Different Types of Surveys and Their Sample Size Considerations

NPS Survey (Net Promoter Score)

The Net Promoter Score (NPS) survey is frequently employed to gauge client happiness and loyalty. On a scale of 0 to 10, participants are asked to assess how likely they are to suggest a product or service. Respondents are categorized into three groups to calculate the NPS: Promoters (scoring 9–10), Passives (scoring 7-8), and Detractors (scoring 0-6).

A high survey sample size i.e., 30% of the total customer base is preferred for NPS surveys. It enables greater classification of the participants into the aforementioned categories. A greater survey sample size also guarantees that the NPS score is a better reflection of the total customer base, offering important insights about customer retention.

Employee Survey

Employee contentment, participation, and average work experience are measured via employee surveys. The size of the corporation will determine the sample size for an employee survey, although in general, businesses with a bigger workforce would need a larger sample.

Employee surveys often involve stratified sampling, in which various departments or employment levels are treated as independent strata, to guarantee accurate findings. This method helps in ensuring that the sample accurately reflects the variety of viewpoints prevalent throughout the corporation.

Brand Survey

Brand awareness and market stance are evaluated via brand surveys. The market presence of the brand and the study's goals will determine the right number of participants for a brand survey.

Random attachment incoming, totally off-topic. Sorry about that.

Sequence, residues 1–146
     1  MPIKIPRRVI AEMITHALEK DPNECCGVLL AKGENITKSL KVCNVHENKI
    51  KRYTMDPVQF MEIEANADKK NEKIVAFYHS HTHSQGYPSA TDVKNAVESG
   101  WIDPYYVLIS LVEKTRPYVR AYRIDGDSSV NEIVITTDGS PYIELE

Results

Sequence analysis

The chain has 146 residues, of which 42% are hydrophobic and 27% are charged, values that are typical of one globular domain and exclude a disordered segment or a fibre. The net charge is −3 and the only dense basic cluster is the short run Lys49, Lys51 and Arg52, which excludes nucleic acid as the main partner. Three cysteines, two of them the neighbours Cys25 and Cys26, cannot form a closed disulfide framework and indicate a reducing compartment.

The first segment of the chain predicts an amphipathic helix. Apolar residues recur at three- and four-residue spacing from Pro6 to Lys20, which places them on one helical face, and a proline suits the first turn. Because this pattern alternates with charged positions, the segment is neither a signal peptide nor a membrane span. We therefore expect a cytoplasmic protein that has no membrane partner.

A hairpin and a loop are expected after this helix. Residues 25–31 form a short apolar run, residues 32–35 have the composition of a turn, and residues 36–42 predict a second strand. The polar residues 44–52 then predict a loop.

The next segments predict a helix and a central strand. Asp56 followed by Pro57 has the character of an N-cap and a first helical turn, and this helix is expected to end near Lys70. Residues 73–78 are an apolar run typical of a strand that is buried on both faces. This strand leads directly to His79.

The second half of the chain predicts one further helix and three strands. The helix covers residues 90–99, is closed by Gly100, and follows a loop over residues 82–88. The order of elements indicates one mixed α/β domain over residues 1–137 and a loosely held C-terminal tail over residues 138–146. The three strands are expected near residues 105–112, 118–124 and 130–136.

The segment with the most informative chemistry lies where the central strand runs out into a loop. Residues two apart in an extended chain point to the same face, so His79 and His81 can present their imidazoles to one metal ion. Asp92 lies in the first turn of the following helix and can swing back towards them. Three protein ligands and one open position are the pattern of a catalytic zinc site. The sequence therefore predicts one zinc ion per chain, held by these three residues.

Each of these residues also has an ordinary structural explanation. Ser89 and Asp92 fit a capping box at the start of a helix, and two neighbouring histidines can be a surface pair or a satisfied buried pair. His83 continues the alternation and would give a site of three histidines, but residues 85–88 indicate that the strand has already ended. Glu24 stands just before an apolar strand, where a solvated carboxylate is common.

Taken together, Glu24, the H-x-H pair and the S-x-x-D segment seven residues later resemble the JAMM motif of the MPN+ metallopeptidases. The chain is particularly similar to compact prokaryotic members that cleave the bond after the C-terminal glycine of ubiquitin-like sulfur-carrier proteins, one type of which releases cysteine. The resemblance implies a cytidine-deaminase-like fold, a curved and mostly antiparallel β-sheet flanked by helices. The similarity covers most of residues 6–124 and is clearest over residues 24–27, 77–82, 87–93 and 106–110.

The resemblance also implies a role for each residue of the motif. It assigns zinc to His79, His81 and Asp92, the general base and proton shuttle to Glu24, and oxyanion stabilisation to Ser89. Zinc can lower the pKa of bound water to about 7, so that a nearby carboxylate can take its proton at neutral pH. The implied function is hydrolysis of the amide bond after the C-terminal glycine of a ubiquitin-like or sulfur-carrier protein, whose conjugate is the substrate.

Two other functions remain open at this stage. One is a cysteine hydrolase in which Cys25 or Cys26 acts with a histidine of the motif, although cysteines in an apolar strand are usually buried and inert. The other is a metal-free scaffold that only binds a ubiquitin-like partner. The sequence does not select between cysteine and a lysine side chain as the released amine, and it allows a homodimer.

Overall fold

Researchers can strive for a larger sample size if the brand's consumer base is modest to improve the reliability of the results. Alternatively, a lower number of participants can be enough if the brand has a substantial market presence.

Customer Survey

Customer surveys are carried out to gauge client satisfaction and individual tastes while collecting input on certain goods or services. The number of clients the business serves and the required degree of accuracy should be taken into consideration when choosing the sample size for a customer survey.
To make certain the findings are statistically meaningful, a large sample size could be necessary for companies with countless clients. However, a lower sample size could be sufficient for smaller companies to ensure acceptable illustration.

Bottom Line

A crucial component of every research project or survey is the sample size. The accuracy, dependability, and universality of the findings to the wider population are all guaranteed by a well-determined and adequately sized sample. When calculating the number of participants or subjects, researchers must take into account many variables, including the overall population size, confidence level, margin of error, and expected percentage.

Market research services can play a vital role in helping researchers determine the appropriate sample size for their studies and surveys. As a leading provider of market research solutions, QDegrees offers a wide range of expertise and resources that researchers can leverage to ensure the accuracy and reliability of their findings.

One of the key challenges in research is calculating the ideal sample size that represents the target population accurately. This is where QDegrees' expertise comes into play. QDegrees utilizes advanced research methodologies and cutting-edge technologies to streamline the process of sample size calculation. Whether researchers are conducting NPS surveys or employee surveys, we can assist them in determining the optimal sample size to yield meaningful insights.